• Locally linear embedding: Part of manifold learning, this is another method of nonlinear dimension reduction that can project high dimensional data onto something more manageable.

  • Principal surfaces and negative entropy clustering: These are unsupervised methods that can be optimized by using existing knowledge, for example, a subset of objects with spectra.

  • Wavelets: A wavelet is a wave that starts and ends at amplitude zero. A given shape of wavelet can be convolved with data to extract signals of the same shape from the data. These are already used in astronomy, for example in analyzing the cosmic microwave background, but there remains much potential to be exploited, including other shapes, such as needlets, curvelets, platelets, and so on, and other generalizations, such as to the low counts regime.

  • Hidden Markov models: part of a broader class of Bayesian networks, which are themselves graphical models, these have been used in astronomy for real-time classification of time domain data, where the existing base of knowledge that would form the training set to a more traditional supervised method is sparse (e.g., few objects, or missing data), thus prior knowledge is useful. Markov logic networks allow domain knowledge to be expressed as a quantified value within the network.

  • Online learning: a machine learning algorithm learns the data from a training set as it is streamed, as opposed to all at once. This is useful for utilizing training sets that are too large to be loaded into machine memory.

  • Diffusion maps: Part of spectral connectivity analysis, these are a nonlinear method for transforming observed data onto a simpler, more natural coordinate system. Results can be superior to those gained from principal component analysis, and the method is robust to outliers.

  • False discovery rate: This is a method for establishing a significant discovery from a set of data smaller than the usual N sigma hypothesis test. It allows one to a priori control the number of false rejections made when testing a model against a null hypothesis, and reduces the number of false rejections compared to correct detections. It also works with correlated data.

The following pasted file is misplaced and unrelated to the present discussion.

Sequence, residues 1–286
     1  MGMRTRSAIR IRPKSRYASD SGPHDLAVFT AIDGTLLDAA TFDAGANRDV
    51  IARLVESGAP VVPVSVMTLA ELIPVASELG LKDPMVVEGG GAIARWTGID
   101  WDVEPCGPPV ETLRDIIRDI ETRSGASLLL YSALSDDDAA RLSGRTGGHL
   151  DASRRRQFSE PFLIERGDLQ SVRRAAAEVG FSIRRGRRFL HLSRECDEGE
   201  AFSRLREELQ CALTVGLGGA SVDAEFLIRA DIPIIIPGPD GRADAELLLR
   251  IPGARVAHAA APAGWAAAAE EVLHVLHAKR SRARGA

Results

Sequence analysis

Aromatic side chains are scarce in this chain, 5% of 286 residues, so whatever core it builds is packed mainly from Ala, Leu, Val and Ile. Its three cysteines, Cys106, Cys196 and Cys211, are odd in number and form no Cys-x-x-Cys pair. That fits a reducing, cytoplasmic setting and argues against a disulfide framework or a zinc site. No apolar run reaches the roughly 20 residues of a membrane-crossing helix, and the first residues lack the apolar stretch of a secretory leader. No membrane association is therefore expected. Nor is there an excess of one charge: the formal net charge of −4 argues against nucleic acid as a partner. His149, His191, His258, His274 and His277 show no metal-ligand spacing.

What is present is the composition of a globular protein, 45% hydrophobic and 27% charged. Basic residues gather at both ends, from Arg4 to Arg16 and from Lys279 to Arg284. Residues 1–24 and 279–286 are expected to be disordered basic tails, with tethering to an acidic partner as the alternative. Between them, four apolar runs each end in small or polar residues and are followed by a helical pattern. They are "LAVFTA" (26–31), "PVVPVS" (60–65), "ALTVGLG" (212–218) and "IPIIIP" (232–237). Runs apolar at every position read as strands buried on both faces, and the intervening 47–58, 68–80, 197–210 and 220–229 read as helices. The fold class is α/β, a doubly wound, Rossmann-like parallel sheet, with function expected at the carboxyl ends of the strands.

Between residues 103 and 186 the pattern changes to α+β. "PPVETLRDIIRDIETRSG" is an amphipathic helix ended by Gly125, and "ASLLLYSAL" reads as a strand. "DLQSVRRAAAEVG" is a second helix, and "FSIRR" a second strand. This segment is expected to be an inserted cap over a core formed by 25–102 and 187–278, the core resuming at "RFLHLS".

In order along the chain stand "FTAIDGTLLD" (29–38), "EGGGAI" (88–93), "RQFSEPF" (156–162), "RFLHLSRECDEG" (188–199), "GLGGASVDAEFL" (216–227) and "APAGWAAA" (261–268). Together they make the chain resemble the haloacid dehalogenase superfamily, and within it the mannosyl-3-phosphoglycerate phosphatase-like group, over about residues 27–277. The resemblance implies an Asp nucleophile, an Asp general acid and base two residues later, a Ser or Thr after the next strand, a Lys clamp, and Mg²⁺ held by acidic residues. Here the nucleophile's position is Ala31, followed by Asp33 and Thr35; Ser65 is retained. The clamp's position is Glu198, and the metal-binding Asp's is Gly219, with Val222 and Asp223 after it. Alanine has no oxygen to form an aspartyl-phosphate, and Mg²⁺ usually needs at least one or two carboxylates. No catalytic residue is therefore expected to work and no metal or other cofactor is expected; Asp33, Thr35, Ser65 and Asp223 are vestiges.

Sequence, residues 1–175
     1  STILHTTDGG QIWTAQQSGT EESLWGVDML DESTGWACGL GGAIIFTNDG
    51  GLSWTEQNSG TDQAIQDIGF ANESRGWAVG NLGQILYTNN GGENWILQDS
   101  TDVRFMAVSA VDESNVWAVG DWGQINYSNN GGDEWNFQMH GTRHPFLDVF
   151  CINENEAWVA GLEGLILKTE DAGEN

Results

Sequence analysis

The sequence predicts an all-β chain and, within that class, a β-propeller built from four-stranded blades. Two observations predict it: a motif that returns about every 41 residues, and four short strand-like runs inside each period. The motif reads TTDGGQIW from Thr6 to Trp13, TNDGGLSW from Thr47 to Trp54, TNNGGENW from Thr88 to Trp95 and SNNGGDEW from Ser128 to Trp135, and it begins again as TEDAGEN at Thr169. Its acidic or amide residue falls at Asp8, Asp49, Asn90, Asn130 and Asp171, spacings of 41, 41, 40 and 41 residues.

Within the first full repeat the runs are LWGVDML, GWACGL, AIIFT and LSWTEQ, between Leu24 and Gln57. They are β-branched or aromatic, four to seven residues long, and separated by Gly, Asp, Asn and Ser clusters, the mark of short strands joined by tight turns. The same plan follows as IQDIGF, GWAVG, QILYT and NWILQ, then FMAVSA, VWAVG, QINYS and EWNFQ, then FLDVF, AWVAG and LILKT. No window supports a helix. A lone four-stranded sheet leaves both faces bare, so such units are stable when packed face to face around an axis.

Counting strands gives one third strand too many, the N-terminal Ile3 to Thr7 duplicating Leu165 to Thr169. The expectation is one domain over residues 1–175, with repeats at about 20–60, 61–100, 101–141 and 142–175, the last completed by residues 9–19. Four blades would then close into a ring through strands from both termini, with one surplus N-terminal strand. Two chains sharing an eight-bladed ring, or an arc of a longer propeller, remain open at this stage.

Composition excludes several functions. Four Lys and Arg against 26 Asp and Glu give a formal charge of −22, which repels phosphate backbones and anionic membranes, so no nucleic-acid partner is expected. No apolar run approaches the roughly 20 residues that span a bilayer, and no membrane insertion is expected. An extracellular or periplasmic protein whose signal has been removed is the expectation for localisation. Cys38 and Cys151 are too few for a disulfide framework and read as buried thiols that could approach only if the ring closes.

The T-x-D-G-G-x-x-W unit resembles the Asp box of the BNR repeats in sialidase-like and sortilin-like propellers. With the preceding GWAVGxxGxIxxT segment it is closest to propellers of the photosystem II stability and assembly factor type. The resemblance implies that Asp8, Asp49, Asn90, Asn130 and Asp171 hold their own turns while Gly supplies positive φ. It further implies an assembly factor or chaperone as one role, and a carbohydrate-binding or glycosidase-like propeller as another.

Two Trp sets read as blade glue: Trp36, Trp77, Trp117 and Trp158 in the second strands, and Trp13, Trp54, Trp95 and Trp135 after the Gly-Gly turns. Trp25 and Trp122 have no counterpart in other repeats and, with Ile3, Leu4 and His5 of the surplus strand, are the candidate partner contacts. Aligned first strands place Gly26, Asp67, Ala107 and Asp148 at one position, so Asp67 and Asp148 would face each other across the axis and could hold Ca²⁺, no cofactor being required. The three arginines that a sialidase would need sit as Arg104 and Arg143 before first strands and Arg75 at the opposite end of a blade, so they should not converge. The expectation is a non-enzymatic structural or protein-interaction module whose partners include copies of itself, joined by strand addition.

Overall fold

• Anderson-Darling test: A statistical test that is more sensitive than the Kolmogorov-Smirnov test (widely used in astronomy) to test for departures of a sample from a normal distribution.

  • Mark correlation function: This generalizes the usual 2- or N-point correlation function, so that the properties (or marks) of an object are taken into account. An example is galaxies that are clustered in space, where the clustering is a function of several properties. Related to this, the mark connection function gives the relative frequencies of mark pairs as a function of pair separation. Both of these are part of the statistics of marked point processes.

  • Multiscale methods: These are capable of adapting to spatially varying smoothness in images, enabling deconvolution with error estimates.

-- NickBall - 19 Mar 2011

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Topic revision: r3 - 2011-03-19 - NickBall